- Chris Noon (M), North and South, High Button, Thursley, Surrey GU8 6NR
Flood facts are already out there
Robert Brewerton suggests that the Environment Agency set up a test site for testing and certifying property level flood protection measures, to encourage the industry to bring low cost flood-proofing products to market (NCE 24 January).
It is a great idea, which is why in 2010 we set up just such a test facility with HR Wallingford, in Oxfordshire, to test flood defence products against a new industry standard. If successful, the products tested are awarded the BSI Kitemark, giving householders and businesses confidence in the flood products they use to protect their property.
This test centre is helping to stimulate the market in flood defence products, which can help to minimise the damage from flood water and greatly reduce the length of time needed for repair of a building and its contents.
- David Rooke, director of flood and coastal risk management, Environment Agency, 25th Floor, Millbank Tower, 21-24 Millbank, London SW1P 4XL
Striking the balance on dam safety risks
That there have been no lives lost from dam failures since the introduction of the Reservoirs (Safety Provisions) Act in 1930 is only partly a tribute to resilient dams and diligent dam engineers (NCE 31 January). It also results from there having been few natural events that exceed design standards. Some have occurred though.
The lowest spillway at Ulley was probably intended to pass the 1 in 150-year flood. Such a flood occurred in 2007. As readers may remember, the spillway was destroyed and the dam was damaged, but did not fail. The low spillway design standard was adopted because the dambreak flood was not expected to take any lives.
At Boltby, the dambreak flood would endanger up to 10 lives, possibly resulting in one casualty. The spillway design standard in this case was the 1 in 10,000-year flood. In 2005, a 1 in 10,000-year flood occurred on the small catchment draining into the reservoir. The spillway passed the flood and saved the dam from failure by overtopping, but it was damaged beyond repair and the whole dam has since been discontinued.
The design standard would have “permitted” one casualty at Boltby. In dam safety practice the risk of taking of one life per 10,000 dam-years is “broadly acceptable”; more than one life per 100 dam-years is “unacceptable”.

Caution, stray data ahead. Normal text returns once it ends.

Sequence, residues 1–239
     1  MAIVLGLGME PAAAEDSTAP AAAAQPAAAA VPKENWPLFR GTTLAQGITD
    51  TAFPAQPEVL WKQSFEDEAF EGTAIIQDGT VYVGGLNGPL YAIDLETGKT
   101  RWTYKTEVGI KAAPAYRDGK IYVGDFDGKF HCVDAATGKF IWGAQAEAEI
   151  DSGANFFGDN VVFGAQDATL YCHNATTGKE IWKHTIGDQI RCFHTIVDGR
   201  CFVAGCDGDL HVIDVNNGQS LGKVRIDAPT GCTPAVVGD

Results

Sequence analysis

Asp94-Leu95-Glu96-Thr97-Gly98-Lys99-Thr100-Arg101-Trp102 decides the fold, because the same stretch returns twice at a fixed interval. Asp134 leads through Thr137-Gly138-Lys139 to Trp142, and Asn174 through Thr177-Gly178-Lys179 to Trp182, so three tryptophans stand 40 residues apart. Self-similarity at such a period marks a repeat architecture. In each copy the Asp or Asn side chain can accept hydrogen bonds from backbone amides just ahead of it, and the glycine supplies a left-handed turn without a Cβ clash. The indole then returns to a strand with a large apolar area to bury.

As risk is the product of probability and consequences, the acceptable annual probability of failure is 1 in 10,000 per casualty. If more people are at risk, the overfl ow capacity must be increased to suit. The probability of failure from internal erosion and from instability during seismic events should be reduced to be the same as that from overtopping, by safety works, if necessary, in order to protect people equally from dam failure by any of the three main “dam-killers”.
Defra has questioned the appropriateness of works required to make reservoirs, especially those that are high risk, safe to something approaching these standards. It therefore seems all the more important for Defra to consult with the Health & Safety Executive, as I suggested, for advice on the standards that dam engineers should follow to protect people from dambreak floods.
- Rod Bridle (F), firstname.lastname@example.org
Suffolk road maintenance
I write regarding the article relating to Suffolk County Council’s highways procurement (NCE 31 January)
Firstly, we are not retendering the contract or reconsidering its structure.
We intend to award the contract on the basis of final tenders already submitted, and have sought clarification of these with all five bidders, including Balfour Beatty.
Neither have we now “thrown into the mix” the Ipswich Borough Council highways staff. These were part of the “mix” throughout the procurement. Our wider approach to TUPE and liability for employee related costs has also remained unchanged.
All of this would have been perfectly clear to anyone “close to the procurement”.
The article also refers to current Suff olk contracts with Carillion/Mott MacDonald. We have two long standing and successful contracts with Carillion, but no existing relationship with Mott MacDonald.
In view of our obligation of confidentiality, I cannot respond in detail to all of the issues raised in your article. Nevertheless, we continue to work hard to conclude the procurement in a way which is fair and equitable to all bidders.
- Andrew Guttridge (M), assistant director (highways and transport), Suffolk County Council, Endeavour House, Russell Road, Ipswich IP1 2BX